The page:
By Julia Fu ’22

In this book column, I will run through and review some of my favorite books I’ve recently read. My first suggestion is Becoming by Michelle Obama, a refreshingly candid autobiography. She delves into her childhood and life as the first African American First Lady, telling the reader about her background and how she found her voice. Obama shares her authentic self with the reader, taking us through her life full of accomplishments and meaning. The book is split into three parts: “Becoming Me,” “Becoming Us,” and “Becoming More.” Each section brings new perspectives and sheds light onto her own life and the life of her husband, President Barack Obama. As the story continues, you see how she grows, not only as a person, but as a mother, a wife, and a First Lady. Enduring and facing many obstacles, Michelle Obama inspires the reader to become truly and unabashedly themselves.

My next suggestion is Death on the Nile by Agatha Christie. A very complex book with a chilling plot and well-developed characters, Death on the Nile is a great book to get you started in the Hercule Poirot series. The book starts slowly by introducing all of the characters and eventually building up to the murder on a cruise in Egypt. The real investigations begin when Linnet Ridgeway, a beautiful, rich socialite, is murdered in the prime of her life. She comes onto the cruise for her honeymoon with her new husband. Luckily, Hercule Poirot, world-renowned detective, happens to be on the same boat. The people on the boat all have separate motives and agendas, and it is up to Hercule Poirot to uncover the truth. Christie introduces many plotlines in the book, and, as the reader, you must avoid the red herrings and try to solve the murder.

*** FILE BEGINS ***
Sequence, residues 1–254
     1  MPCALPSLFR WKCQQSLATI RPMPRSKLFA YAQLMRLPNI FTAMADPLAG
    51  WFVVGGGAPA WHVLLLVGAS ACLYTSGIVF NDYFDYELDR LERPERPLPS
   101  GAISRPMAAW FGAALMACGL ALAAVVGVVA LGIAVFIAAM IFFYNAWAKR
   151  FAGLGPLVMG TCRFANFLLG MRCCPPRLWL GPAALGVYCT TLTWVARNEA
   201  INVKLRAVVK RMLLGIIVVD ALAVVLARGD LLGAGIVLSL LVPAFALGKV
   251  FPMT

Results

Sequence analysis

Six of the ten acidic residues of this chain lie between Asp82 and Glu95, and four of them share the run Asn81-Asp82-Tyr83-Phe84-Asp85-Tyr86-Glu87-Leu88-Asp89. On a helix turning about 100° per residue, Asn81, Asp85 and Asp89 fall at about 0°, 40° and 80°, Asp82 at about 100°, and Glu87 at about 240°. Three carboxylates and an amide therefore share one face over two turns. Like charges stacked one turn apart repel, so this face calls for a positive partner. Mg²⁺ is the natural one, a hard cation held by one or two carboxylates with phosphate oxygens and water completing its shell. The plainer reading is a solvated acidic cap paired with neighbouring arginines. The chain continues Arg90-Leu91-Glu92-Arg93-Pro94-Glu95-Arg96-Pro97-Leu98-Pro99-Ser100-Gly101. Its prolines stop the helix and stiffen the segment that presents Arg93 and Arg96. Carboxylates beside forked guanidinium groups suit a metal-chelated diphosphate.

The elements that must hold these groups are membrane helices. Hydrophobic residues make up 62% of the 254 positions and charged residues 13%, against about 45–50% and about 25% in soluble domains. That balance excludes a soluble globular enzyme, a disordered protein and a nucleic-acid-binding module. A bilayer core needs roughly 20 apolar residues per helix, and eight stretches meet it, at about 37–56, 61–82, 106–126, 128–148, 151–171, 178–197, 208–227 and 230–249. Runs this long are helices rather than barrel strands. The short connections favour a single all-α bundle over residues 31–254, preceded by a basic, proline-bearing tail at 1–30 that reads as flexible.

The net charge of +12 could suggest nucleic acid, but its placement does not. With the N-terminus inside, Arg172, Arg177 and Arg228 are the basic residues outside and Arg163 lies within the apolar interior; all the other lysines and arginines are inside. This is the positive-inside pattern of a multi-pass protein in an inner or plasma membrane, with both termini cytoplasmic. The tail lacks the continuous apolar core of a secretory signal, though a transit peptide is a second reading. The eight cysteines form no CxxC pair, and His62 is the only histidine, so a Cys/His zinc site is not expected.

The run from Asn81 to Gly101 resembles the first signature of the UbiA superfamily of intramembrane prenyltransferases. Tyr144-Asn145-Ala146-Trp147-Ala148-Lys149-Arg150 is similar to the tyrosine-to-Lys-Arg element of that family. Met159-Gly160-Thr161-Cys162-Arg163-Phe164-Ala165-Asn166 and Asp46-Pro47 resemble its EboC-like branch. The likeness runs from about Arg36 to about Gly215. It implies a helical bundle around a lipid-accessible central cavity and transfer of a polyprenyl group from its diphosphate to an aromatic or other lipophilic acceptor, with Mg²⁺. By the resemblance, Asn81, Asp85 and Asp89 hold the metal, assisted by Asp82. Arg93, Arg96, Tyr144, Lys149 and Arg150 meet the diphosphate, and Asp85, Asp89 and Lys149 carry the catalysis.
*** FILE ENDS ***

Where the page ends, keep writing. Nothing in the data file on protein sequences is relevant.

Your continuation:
Finally, Six of Crows by Leigh Bardugo is a heist story with diverse characters in a fantasy world. The book begins with a short prologue that introduces the setting of this story: a city of thieves, liars, and opportunity. Like many fantasy novels, it does start slow, but the pace quickly picks up. The book is focused on six central characters, each with their own narratives and different skill sets. All the characters have interesting flaws that draw the reader to sympathize with them. Bardugo weaves a grimy fantasy complete with knives, guns, magic, and technology. The character clashes and interactions increase tensions, and, as you keep reading the book, the stakes get higher and higher until the final moment when all is revealed.